From a religious point, the local Roman Catholics of Vilnius Province are Lithuanians. The Orthodox and Uniates (Eastern Rite Catholics) are Byelorussians. According to prof. Kazys Pakрtas, the religious-confessional boundary separating Lithuanian Catholics from Byelorussian Orthodox runs as follows: From the Daugava southward along the 1920 Treaty border (Brлslauja — Pastovis — Lake Narutis) to Smurgainys; then turning to the west below Aрmena and running south again to the Nemunas. Afterwards, the line goes along the Nemunas, turning to the north at Риiutinas; then along the Katra River toward Druskininkai. Then the line proceeds south toward the Bebra River, leaving Gardinas on the Orthodox side. East of the boundary (on the Orthodox side) are enclaves of Catholics which correspond to the Lithuanian language enclaves: Prozorokai, Glubokai, Glubiиiai. South of Vileika these enclaves of Catholics along the Berezina River are: Naugardukas and Zietela. They also extend south of Gardinas along the Svislocius River.
In considering the ethnicity of eastern Lithuania, the culture of the Jewish minority and its development should be analyzed. The first Jewish communities were established at Vilnius and elsewhere in eastern Lithuania during the reign of Grand Duke Gediminas. Lithuania (Lita in Hebrew and Lite in Yiddish) played an important role in the cultural and spiritual development of the Ashkenazim of northeastern Europe. The notion of the Lithuanian Jew or Litvak, as distinct from the Polener or Galizianer, is found in Jewish speech, folklore and literature. The term "Litvaks" applies to the Jewish community developed within the boundaries of historic Lithuania. This area included the provinces of Kaunas, Vilnius, Gardinas, and Suvalkai, and in an extended sense, Vitebsk, Minsk and Mogilev provinces. In the stricter linguistic and cultural sense, the true Litvaks were found in the Lithuanian provinces of Vilnius, Kaunas, Suvalkai and Gardinas and were distinct from the Byelorussian Jews.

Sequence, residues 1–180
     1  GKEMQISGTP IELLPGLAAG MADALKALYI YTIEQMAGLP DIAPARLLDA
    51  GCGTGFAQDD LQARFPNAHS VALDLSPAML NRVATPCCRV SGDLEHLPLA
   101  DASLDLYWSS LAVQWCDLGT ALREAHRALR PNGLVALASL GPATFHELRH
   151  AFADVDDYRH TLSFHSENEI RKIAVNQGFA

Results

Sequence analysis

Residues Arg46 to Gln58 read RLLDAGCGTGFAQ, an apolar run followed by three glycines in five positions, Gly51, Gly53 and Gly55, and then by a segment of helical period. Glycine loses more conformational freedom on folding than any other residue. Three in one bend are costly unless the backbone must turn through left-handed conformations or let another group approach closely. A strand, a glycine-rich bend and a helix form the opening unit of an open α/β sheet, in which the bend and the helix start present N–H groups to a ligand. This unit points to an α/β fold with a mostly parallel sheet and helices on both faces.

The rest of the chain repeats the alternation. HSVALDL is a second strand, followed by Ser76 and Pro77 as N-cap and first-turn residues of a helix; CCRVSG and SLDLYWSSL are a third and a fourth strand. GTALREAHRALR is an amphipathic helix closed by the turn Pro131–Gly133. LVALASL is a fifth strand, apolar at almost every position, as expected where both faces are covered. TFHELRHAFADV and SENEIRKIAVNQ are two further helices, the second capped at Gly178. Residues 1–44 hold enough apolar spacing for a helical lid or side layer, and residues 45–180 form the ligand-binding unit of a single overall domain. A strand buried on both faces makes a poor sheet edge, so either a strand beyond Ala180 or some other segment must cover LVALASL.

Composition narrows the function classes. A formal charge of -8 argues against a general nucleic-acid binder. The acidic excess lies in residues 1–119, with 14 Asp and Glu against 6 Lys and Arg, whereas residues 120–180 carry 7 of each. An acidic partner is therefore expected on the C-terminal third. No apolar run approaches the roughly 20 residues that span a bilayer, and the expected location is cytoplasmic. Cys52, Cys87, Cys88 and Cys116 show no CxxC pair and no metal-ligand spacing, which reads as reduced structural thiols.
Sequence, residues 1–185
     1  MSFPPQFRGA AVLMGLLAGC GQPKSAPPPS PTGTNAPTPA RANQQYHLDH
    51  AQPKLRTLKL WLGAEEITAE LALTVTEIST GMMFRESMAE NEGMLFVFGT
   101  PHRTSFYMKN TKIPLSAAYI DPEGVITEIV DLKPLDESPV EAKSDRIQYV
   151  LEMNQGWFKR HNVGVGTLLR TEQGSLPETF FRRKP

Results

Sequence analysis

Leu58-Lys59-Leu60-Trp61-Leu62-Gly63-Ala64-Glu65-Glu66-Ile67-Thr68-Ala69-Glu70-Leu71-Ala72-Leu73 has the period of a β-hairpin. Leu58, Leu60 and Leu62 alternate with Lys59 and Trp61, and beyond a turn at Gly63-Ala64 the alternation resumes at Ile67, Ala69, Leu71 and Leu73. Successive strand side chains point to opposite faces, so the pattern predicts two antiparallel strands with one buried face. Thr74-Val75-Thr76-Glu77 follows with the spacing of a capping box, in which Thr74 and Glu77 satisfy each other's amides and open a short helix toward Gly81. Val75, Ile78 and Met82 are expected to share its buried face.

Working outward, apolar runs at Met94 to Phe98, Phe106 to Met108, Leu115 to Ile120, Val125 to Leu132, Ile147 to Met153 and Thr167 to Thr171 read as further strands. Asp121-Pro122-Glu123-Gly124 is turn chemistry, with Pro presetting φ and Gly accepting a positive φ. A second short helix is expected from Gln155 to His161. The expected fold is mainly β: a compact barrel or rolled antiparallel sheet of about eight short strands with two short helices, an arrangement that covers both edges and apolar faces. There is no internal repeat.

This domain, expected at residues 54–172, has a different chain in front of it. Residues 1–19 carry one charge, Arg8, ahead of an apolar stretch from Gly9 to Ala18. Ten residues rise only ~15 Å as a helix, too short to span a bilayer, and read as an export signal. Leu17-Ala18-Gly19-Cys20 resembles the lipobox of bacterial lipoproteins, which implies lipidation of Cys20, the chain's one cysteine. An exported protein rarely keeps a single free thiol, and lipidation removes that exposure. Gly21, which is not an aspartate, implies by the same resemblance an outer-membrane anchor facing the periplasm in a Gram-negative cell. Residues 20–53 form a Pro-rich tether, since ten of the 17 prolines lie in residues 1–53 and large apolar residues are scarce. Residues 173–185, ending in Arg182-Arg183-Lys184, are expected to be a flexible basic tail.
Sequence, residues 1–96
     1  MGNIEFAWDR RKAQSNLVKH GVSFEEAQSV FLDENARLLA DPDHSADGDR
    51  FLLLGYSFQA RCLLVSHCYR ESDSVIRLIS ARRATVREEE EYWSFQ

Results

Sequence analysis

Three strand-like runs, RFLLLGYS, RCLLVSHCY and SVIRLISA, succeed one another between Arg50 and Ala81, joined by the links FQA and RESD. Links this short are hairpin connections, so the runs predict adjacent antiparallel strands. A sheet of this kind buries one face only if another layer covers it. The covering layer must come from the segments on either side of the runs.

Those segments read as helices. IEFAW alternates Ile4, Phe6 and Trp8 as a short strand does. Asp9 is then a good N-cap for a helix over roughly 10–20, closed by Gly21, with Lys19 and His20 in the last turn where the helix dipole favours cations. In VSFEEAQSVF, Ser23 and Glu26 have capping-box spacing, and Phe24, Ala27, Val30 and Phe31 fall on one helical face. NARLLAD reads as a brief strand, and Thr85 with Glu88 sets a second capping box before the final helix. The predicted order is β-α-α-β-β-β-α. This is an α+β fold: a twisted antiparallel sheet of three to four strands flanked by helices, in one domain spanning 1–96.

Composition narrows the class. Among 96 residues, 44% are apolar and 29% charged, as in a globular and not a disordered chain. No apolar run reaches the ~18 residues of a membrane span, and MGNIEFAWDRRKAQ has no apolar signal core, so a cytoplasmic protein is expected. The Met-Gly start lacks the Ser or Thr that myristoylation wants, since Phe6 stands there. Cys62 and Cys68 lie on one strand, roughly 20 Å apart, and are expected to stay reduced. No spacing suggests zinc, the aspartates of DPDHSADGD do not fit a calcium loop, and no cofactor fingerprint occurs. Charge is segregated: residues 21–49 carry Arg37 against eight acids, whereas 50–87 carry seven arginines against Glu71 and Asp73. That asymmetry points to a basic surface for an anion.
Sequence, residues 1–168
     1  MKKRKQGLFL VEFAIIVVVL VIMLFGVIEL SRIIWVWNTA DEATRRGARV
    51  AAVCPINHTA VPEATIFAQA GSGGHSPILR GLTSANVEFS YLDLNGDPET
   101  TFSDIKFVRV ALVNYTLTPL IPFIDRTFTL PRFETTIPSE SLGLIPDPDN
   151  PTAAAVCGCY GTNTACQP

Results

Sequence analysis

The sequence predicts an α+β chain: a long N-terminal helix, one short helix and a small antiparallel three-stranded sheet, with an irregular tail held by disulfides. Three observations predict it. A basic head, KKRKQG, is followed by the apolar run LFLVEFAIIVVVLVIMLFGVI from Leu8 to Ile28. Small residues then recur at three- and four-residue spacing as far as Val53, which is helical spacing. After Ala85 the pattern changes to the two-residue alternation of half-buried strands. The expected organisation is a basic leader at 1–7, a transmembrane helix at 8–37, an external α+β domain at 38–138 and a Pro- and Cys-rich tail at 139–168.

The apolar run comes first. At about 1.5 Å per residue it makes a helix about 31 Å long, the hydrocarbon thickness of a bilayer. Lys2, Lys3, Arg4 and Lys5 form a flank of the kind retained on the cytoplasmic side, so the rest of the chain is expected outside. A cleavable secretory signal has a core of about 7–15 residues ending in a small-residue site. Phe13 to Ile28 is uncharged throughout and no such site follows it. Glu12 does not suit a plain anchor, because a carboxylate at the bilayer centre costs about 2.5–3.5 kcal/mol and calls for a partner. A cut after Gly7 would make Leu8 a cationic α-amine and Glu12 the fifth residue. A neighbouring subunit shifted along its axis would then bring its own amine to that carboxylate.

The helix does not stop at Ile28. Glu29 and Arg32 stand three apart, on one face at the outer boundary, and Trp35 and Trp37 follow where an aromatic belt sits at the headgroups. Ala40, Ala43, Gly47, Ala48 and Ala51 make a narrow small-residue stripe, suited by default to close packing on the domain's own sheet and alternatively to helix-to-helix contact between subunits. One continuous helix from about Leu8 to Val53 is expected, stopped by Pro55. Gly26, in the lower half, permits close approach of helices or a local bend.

The world outlook and way of life of Lithuanian Jewry were based on the Written Law and the Oral Law. The Shulhan Arukh and its commentaries flourished among wide circles, and love of Torah and esteem for its study was widespread among the masses of Lithuanian Jews (see J. Shatzky, Kultur Geshikhte fun der Maskole in Lite. 1950; A. Kariv, Lita Mekherati, 1960). Hebraic and Talmudic studies flourished in Vilnius, reaching highest development under Elijah Gaon of Vilna (1720-1797).